Fund established for Greenfield family that lost two children in fire
By Jeremy Boren
Published: Monday, Oct. 15, 2012, 2:54 p.m.
Greenfield residents are stepping up to help the neighborhood family that lost two children in a fire.
“That's the type of neighborhood that Greenfield is. The people there want to help,” said city Councilman Corey O'Connor.
Neighbors gave $341 in cash during the dedication of a entrance sign at the end of the Greenfield Bridge on Sunday, O'Connor. said.
And relatives of the children have established the “Hayward Family Fund” at First National Bank. Donations can be made at any branch.
Pittsburgh Greenfield K-8 is collecting donations of store gift cards and clothing for first-grader Vernon Hayward, 7, whose sister and cousin perished in the fire.
Irihanna Hayward, 3, and her cousin Kamari Thomas, 4, died of smoke inhalation in the fire that struck their Mirror Street duplex on Friday, according to the Allegheny County Medical Examiner's Office.
Greenfield school Principal Eric Rosenthall said Vernon's grandparents brought him to school on Monday to be among his friends.
“He lost everything,” Rosenthall said. “He doesn't even have a game to play with. It's a tough time for them.”
Vernon wears size 14 pants and size 5 shoes. The school is not accepting cash donations.
Rosenthall said Pittsburgh Public Schools Superintendent Linda Lane stopped by the school to check on Vernon.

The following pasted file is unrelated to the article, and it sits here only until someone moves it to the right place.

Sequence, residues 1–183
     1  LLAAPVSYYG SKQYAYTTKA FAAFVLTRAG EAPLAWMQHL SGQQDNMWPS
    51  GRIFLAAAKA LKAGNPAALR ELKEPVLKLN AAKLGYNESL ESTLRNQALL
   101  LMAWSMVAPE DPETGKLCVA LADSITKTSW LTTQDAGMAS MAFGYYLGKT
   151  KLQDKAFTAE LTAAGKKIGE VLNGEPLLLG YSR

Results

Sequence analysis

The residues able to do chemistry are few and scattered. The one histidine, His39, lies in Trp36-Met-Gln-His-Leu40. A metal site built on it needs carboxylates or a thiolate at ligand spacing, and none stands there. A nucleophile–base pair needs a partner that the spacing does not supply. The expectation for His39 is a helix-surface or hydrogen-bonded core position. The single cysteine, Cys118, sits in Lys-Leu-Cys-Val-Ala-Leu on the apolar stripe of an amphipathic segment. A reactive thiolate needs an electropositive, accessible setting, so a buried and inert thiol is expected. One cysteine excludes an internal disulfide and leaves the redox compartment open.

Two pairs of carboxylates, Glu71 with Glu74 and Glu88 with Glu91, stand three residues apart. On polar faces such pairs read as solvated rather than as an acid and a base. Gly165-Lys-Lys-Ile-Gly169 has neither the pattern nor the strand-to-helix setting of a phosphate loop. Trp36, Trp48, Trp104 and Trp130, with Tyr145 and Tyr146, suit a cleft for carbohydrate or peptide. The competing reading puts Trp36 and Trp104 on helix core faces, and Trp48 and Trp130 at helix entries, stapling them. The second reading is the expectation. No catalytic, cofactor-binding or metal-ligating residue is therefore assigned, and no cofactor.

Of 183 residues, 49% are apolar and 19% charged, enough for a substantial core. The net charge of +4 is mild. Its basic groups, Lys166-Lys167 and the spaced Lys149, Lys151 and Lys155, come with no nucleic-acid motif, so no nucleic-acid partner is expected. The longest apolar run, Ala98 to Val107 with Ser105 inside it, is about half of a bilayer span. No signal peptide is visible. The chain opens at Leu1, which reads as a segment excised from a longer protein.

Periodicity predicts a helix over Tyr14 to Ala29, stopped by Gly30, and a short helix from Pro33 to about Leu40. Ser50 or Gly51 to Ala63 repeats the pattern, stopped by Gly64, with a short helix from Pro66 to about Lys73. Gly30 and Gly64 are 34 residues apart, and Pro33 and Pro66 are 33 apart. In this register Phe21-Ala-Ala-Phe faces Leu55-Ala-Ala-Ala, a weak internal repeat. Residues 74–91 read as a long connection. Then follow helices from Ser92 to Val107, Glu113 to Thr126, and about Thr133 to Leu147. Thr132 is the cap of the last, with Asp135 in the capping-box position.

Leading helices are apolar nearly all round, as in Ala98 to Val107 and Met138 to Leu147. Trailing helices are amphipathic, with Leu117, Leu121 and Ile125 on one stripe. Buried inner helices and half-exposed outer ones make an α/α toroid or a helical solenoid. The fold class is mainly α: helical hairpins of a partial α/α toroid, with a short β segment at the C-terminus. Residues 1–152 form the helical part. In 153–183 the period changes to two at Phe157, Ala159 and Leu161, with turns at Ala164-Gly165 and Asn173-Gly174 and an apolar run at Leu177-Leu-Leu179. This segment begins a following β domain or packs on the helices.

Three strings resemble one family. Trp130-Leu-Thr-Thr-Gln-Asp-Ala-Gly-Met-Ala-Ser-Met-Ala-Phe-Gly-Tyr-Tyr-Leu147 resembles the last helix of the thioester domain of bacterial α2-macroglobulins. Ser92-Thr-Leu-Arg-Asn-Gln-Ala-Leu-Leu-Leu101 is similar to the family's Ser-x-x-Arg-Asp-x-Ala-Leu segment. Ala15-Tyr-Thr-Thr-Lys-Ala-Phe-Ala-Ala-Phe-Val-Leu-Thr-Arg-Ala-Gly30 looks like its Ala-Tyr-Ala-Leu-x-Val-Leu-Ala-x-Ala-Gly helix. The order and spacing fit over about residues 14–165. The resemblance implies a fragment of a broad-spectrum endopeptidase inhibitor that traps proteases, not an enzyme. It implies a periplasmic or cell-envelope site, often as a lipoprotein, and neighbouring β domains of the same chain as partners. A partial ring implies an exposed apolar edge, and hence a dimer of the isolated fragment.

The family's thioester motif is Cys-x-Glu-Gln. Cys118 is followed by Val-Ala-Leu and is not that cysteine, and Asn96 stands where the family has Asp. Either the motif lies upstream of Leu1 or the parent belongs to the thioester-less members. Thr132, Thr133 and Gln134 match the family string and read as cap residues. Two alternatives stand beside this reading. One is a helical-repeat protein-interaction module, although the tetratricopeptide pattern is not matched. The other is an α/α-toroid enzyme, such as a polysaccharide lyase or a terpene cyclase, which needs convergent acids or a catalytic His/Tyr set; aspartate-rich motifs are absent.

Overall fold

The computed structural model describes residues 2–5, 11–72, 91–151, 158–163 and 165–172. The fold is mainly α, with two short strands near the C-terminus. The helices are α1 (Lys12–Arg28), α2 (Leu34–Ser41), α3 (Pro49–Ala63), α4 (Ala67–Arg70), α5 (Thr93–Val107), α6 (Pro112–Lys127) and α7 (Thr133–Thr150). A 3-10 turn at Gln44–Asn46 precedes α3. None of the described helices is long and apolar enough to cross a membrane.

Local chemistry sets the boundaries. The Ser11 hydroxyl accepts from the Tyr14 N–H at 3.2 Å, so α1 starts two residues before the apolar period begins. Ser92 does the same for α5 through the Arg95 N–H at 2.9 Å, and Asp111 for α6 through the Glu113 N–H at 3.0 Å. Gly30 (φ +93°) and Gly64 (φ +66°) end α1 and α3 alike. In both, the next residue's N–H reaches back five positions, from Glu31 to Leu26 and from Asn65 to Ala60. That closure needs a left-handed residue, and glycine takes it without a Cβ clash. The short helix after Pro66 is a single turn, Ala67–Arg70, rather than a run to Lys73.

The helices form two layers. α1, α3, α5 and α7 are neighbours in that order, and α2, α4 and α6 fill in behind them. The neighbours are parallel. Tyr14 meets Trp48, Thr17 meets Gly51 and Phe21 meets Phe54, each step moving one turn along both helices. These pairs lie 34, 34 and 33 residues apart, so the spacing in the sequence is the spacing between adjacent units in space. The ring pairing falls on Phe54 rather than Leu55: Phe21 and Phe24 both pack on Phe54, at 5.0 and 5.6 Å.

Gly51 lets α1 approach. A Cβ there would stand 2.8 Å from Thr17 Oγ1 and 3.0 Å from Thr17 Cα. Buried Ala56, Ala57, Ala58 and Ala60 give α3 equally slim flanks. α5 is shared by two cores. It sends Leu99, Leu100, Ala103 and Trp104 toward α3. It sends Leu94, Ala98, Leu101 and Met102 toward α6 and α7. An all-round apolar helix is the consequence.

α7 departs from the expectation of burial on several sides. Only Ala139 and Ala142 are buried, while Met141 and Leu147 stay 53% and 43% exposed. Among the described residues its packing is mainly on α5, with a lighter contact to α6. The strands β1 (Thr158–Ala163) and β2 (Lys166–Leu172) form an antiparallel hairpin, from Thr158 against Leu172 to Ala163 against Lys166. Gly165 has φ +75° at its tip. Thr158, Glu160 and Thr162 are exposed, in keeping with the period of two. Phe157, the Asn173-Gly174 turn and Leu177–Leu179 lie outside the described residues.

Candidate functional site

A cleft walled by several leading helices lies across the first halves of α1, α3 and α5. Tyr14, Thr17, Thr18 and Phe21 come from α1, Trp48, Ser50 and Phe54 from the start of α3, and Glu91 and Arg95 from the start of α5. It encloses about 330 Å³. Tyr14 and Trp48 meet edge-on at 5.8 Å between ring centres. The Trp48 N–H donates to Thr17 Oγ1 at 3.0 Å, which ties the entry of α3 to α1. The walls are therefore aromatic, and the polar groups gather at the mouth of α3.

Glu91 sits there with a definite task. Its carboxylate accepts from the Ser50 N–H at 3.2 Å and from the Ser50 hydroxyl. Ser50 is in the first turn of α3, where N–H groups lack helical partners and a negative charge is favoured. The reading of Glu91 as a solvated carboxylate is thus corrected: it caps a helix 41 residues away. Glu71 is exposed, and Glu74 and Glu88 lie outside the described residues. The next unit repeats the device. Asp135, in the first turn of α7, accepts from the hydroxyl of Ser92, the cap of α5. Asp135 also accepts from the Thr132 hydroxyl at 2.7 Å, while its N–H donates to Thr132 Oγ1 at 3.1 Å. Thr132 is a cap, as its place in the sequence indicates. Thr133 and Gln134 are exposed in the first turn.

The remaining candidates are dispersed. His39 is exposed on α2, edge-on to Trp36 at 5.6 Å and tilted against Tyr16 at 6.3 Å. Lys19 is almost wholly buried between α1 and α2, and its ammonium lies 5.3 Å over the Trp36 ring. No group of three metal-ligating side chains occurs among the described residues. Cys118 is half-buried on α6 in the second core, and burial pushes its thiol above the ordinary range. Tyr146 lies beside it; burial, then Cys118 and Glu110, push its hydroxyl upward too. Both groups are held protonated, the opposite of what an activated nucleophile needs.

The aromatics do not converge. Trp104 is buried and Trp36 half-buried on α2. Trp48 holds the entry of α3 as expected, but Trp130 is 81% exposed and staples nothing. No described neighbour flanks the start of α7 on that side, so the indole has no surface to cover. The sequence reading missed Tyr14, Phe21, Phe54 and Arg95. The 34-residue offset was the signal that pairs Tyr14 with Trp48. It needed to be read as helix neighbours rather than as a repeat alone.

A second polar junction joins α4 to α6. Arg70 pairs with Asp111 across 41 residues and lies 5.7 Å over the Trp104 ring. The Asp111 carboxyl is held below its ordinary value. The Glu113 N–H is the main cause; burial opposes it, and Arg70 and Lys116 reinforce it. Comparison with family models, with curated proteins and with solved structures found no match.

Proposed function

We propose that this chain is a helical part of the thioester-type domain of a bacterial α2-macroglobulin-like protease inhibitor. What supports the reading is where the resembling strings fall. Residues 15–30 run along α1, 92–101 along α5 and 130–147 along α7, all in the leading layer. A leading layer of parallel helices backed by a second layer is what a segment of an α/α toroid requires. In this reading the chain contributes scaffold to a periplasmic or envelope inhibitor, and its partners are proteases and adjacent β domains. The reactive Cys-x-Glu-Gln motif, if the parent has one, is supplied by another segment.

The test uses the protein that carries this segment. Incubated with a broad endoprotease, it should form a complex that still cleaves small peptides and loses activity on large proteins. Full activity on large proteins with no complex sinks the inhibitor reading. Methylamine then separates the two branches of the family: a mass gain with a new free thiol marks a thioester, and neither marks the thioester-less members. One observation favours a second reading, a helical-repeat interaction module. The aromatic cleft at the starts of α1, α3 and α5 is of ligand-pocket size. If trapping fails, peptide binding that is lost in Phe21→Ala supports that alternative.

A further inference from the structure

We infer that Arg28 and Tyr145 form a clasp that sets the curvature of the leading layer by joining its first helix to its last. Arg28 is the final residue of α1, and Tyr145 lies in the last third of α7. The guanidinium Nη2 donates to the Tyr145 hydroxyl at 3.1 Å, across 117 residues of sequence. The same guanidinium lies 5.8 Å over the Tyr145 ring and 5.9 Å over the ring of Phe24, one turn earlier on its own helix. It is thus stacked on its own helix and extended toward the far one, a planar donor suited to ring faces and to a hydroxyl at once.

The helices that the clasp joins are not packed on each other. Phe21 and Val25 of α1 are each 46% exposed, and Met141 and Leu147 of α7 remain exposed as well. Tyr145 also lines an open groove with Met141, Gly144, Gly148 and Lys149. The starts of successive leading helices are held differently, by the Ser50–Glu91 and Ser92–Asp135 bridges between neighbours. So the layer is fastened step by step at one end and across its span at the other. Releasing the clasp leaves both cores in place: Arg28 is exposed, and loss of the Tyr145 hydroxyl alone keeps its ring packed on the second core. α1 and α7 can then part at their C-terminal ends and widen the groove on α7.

The Red Cross has been providing temporary shelter to the Hayward family and to the family that lived on the other side of the duplex, which was damaged as well, said Dominique Buccina, a spokeswoman for the Red Cross.
Candice Pearson, 38, an aunt who was babysitting the children when the fire broke out, is listed in serious condition at UPMC Mercy Hospital, Uptown. Pearson leapt from a third-story window to escape the flames.
Pittsburgh fire Chief Darryl Jones said investigators are working to determine the cause of the fire.
Pamela Seighman, owner of Grandview Cemetery in Export, said she spoke with relatives of the family and offered to donate two cemetery plots.
“I told them that's the least we can do,” Seighman said. “I was just so upset by the whole story. I told them they could pick out two lots anywhere they want.”
Funeral arrangements were incomplete.
Jeremy Boren is a staff writer for Trib Total Media. He can be reached at 412-320-7935 or email@example.com.
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